The Torah is not at the heart of the Jewish tradition. It is its interpretation that is central to our thinking and our daily life.
While our parashah ends with very hard-curdling threats, the exaggeration of the threats is open to interpretation.
Is it only by means of persistence and threatening that the Torah is more credible? Our sage’s comment on this verse comes from the end of our parashah: “If you fail to observe faithfully all the terms of this Teaching … the LORD will inflict extraordinary plagues upon you and your offspring, strange and lasting plagues, malignant and chronic (lit. ne’emanot) diseases.” (Dt. 28: 58-59)
Rabbi Yohanan said: “These plagues are malignant and persistent. Malignant – by the harshness with which they affect us. Chronic (lit. ne’emanot) – to leave us when it’s time. “
One would think that “chronic” means that they persist in attacking us, but for Rabbi Yohanan, “Chronic” is not the right the translation for the Hebrew term ne’emanot. According to Rabbi Yohanan, the plagues persist in their intention to leave once their mission is accomplished. The Hebrew word here is: ne’emanim, which means “faithful”. They are faith-ful to their mission which is to be trials for us that strengthen us, but ultimately leave us once we have learned the lesson.
The idea behind Moses’ last speech is not to overwhelm people but, on the contrary, to lead us to do good. The future of the people of Israel and the values she carries will depend on that good that is done.
It is important to emphasize over and over the crucial role people’s righteousness will play at the moment of settling in the land of Canaan.
It was necessary to warn the children of Israel of disastrous consequences due to a lack of determination to do good, which could unravel the entire project. But let us not be deterred by exaggerated threats.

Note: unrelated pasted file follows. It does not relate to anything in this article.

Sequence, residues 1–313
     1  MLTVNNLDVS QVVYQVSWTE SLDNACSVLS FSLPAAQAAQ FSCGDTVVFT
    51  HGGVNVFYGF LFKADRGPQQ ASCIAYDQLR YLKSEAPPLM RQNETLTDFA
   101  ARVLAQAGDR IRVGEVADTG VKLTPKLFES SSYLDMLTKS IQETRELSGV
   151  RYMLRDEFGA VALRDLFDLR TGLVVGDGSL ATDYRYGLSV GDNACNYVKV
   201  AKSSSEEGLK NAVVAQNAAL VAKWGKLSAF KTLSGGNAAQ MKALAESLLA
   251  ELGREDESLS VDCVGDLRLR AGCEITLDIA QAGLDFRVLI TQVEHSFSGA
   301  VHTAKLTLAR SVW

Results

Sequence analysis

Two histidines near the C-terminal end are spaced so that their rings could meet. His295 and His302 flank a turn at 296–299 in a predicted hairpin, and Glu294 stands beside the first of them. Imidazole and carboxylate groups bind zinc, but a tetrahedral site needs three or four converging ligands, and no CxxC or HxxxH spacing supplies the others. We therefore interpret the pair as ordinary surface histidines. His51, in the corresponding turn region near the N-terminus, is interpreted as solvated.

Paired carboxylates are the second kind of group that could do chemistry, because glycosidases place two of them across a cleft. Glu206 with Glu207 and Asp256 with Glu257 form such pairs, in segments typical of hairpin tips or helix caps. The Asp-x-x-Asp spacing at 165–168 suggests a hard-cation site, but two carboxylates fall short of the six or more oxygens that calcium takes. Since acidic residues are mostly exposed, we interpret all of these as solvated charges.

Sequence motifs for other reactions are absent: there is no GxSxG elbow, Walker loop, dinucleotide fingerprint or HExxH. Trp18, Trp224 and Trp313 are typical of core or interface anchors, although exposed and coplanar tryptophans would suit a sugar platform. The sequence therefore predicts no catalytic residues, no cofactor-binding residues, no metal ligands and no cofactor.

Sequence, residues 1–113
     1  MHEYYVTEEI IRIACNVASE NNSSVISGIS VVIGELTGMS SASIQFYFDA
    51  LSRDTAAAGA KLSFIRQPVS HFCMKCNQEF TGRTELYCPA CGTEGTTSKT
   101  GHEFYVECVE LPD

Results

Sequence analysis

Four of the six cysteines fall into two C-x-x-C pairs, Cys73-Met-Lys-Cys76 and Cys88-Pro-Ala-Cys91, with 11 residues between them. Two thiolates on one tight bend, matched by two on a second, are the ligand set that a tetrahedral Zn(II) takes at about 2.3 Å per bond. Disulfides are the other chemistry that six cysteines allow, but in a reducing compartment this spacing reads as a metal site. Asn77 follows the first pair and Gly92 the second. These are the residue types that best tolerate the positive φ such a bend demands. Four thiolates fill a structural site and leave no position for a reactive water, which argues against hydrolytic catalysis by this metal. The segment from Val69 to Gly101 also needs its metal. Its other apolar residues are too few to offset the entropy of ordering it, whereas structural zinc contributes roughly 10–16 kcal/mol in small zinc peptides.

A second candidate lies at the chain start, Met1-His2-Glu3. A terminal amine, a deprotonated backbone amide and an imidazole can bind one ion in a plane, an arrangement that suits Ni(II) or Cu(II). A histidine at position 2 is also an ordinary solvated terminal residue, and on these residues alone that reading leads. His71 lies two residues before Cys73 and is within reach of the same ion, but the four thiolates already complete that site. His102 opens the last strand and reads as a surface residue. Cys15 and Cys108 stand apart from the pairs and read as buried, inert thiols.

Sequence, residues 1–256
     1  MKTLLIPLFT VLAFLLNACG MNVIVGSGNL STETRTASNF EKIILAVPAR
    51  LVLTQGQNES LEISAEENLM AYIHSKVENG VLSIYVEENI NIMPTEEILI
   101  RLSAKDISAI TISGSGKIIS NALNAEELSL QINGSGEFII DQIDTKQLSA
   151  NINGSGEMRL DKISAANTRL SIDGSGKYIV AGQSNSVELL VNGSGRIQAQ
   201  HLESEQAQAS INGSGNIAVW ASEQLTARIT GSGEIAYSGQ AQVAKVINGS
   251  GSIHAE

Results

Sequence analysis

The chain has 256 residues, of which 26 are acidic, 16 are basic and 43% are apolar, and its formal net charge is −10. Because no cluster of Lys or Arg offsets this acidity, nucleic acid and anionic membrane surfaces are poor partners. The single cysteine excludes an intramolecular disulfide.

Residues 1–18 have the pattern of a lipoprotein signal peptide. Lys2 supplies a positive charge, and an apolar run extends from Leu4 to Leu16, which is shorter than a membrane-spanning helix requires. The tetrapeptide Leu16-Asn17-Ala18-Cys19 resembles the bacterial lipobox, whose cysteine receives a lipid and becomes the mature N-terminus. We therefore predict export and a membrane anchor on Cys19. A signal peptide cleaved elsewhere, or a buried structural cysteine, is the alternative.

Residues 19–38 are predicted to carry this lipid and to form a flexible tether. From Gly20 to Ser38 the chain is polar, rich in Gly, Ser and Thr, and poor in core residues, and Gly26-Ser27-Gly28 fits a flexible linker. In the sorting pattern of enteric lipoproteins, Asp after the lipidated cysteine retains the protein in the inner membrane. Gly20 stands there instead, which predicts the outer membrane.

Those aspects that were meaningful to the social reality of Moses’ time needed to be retranslated at the time of Rabbi Yohanan. It is time to remember that our people do not fear adversity, and we consider challenges an opportunity for testing and questioning in order to advance further progress.
Thus, we consider that the challenges are here to help us. They are “faithful” to us and they will leave as soon as we ac-quire the tools necessary to recover.
Is this statement truth? Do we always have the ability to use the challenges for good? The answer to this question de-pends on many factors. One of these factors depends on us individually: It is easier to cope with difficulties when we feel very lucky than when we feel overwhelmed.
Another of these factors depends on us, as a community: the more friendly we are, the stronger our network will be and more people in trouble will be able to receive our help to transform their difficulties into learning moments.
To strengthen ourselves, to strengthen the solidarity between us, are two of the central objectives of our Tradition.